PESHAWAR, Pakistan (Reuters) - A top Taliban official announced his resignation on Tuesday amid a growing leadership struggle in the Afghan insurgent movement after news of the death of leader Mullah Mohammad Omar last week.
The swift announcement that Omar’s longtime deputy, Mullah Mohammad Akhtar Mansour, would be the new leader has riled many senior figures angry about the implication that Mansour covered up Omar’s death for more than two years.
The infighting could split the Taliban and threatens tentative peace talks with the Kabul government to end 13 years of war that began with a U.S.-led campaign after the Sept. 11, 2001, attacks on the United States.
Since Mansour’s appointment was announced by the Taliban leadership council based in Quetta, Pakistan, it has been denounced by several top members of the group, including Omar’s brother, who has called for an assembly to choose the leader.
On Tuesday, Taliban official Syed Mohammad Tayab Agha announced he was stepping down as director of the Political Office in the Qatari capital Doha, originally set up to enable the Taliban to negotiate in any peace process.
Agha said he considered the decision to conceal Omar’s death - generally attributed to Mansour - a “historic mistake by the individuals concerned”.
“Now, as the leader is appointed outside the country and from the people who are residing outside the country is also considered as a great historical mistake,” he said in a statement.
Considered close to Pakistan’s powerful intelligence services, Mansour faces a challenge to hold the movement together. Hardline commanders are pressing for an end to talks and the continuation of fighting that has been increasingly successful in recent months.
Some reports suggest there have been clashes between rival Taliban groups, although a Taliban spokesman denied that.
Abdul Raouf Ahmadi, a police spokesman in the western province of Herat, said eight fighters, including a commander, were killed on Sunday in a battle over the leadership between two groups in a village in Shindand district.
A Taliban spokesman dismissed the report as baseless enemy propaganda.
U.S. General John Campbell, the top American commander in Afghanistan, said disclosure of Omar’s death piled more pressure on the Taliban, which he added was already fracturing and faced growing competition from other militant groups such as Islamic State.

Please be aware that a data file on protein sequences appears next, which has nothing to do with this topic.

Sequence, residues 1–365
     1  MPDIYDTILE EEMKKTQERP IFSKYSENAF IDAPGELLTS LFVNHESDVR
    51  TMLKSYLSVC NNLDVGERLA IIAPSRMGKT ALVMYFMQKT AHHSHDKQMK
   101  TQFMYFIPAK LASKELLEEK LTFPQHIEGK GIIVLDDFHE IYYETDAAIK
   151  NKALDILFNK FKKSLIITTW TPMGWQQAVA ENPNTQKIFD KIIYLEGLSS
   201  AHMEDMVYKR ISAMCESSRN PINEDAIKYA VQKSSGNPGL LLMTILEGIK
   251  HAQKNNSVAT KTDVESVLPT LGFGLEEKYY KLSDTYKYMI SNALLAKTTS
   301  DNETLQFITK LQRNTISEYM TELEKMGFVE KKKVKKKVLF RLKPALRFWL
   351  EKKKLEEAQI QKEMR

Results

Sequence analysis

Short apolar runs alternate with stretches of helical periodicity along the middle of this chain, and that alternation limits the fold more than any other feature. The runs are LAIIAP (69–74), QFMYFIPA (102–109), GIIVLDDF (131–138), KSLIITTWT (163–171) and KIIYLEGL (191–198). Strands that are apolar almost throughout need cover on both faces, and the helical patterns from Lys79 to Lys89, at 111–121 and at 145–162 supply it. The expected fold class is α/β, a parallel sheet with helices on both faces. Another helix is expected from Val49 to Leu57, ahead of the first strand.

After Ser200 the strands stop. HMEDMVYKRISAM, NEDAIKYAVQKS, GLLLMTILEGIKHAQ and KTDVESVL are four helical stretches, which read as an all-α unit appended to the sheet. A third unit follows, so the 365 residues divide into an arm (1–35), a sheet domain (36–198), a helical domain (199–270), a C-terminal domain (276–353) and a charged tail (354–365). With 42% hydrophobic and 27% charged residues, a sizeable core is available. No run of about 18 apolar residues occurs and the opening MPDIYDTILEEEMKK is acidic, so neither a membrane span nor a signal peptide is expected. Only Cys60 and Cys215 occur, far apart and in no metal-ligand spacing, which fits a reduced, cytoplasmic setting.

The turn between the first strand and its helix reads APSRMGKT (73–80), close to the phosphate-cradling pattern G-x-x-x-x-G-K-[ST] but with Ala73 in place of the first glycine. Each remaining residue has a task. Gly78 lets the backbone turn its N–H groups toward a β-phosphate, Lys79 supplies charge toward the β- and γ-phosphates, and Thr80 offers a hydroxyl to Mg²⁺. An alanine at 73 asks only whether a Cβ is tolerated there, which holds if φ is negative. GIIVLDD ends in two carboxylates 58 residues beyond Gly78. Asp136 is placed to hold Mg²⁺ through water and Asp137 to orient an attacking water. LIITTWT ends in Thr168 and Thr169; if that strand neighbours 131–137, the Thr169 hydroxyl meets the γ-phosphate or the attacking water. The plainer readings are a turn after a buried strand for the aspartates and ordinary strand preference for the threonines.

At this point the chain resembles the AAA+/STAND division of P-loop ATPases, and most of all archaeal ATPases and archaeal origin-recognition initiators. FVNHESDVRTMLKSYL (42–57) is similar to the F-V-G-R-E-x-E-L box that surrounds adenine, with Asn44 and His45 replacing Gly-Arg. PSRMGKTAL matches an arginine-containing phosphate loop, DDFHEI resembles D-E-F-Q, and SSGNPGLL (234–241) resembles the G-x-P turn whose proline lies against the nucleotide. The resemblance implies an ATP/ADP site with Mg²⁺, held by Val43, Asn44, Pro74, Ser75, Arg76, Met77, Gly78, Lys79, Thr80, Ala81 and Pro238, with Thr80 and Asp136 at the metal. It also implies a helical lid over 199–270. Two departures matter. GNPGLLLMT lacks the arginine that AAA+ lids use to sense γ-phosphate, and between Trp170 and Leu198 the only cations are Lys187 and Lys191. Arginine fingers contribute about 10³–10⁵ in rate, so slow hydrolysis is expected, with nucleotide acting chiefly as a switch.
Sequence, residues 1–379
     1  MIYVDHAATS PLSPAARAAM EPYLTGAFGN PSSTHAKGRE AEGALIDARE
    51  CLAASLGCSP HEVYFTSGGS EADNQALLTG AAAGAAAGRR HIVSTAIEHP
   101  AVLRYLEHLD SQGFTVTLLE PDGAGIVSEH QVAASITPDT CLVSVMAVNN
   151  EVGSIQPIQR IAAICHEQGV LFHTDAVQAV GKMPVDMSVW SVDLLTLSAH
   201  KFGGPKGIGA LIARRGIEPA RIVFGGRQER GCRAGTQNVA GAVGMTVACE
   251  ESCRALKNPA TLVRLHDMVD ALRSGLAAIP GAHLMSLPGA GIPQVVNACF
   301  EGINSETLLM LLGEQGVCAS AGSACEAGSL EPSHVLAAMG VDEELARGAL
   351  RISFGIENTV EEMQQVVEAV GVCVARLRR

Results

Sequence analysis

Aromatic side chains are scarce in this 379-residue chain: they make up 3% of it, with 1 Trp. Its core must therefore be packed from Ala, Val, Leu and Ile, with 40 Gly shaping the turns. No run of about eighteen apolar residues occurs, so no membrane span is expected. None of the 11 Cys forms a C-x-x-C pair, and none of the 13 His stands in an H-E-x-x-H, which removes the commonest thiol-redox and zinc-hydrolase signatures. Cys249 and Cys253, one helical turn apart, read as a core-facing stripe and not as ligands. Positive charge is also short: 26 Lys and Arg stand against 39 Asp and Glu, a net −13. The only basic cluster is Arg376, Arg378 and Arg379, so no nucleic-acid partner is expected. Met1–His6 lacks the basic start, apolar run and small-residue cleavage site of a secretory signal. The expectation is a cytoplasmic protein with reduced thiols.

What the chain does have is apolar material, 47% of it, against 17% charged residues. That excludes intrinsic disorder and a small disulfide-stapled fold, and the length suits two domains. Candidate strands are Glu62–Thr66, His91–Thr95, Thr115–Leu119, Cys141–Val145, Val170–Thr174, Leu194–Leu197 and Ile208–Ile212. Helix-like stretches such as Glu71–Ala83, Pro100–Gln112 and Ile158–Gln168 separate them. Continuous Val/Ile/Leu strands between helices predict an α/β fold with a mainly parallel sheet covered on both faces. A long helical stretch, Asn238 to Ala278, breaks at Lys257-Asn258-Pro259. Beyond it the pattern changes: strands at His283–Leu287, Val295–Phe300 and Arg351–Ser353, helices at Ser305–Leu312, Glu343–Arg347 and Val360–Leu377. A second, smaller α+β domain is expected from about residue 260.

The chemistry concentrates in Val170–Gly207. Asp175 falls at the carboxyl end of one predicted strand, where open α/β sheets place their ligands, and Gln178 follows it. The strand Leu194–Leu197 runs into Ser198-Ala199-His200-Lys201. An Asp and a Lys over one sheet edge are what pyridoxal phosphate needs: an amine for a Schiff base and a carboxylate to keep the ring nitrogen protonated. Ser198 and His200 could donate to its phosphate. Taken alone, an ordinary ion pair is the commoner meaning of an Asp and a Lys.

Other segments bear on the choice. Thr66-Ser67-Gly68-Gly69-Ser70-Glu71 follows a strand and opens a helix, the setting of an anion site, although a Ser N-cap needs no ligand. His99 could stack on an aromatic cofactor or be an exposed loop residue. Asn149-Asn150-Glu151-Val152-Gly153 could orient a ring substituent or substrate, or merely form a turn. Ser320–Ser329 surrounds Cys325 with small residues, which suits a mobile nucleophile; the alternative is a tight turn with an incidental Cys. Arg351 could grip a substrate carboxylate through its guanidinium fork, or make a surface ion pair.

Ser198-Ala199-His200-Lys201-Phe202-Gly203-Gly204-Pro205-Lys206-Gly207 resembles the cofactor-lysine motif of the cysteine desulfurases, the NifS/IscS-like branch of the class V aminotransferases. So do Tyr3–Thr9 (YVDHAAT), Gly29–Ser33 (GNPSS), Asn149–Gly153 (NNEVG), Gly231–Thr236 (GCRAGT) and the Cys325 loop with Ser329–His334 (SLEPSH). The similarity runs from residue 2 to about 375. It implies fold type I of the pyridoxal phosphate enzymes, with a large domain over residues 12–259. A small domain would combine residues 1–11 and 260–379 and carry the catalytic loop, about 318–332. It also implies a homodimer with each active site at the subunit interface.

That, he said, presented an opportunity for Afghan peace efforts.
“I think it’s an opportunity. People (in the Taliban) are going to say: ‘Hey, why am I fighting? You’ve been lying to me for two years,’” Campbell said, speaking to Reuters on the sidelines of an event in Washington.
“So I think the Afghan population has an opportunity to really work this very hard, and I think Pakistan (will) continue to work it very hard.”
Still, he acknowledged uncertainty ahead, including for Mansour, noting: “I’m not sure he’s been universally accepted as the leader of the Taliban.”
The tension pointed at least to a suspension of the peace process while Mansour tries to consolidates his position.
Several commanders are known to have stopped fighting until the situation is clarified and there have been calls for a new council to be summoned to decide the leadership issue.
In his statement, Agha said previous leaders appointed outside the country, going back to the invasion by Soviet forces and the government set up after the Taliban were ousted, had “very bad repercussions” for Afghanistan.
The leader should be appointed “in presence of the courageous mujahideen in their strongholds inside the country”, Agha said, referring to Islamist fighters.
Taliban spokesman Zabihullah Mujahid said he could not confirm the statement came from Agha, but two senior members of the Qatar office said he had resigned on Monday.
“Relations between Mullah Mansour and Tayyab Agha had never been friendly even when Mullah Omar was alive,” said another Taliban member, who is close to Agha.
Additional reporting by Mirwais Harooni in Kabul, Idrees Ali and Phil Stewart in Washington; Writing by James Mackenzie; Editing by David Storey and Ken Wills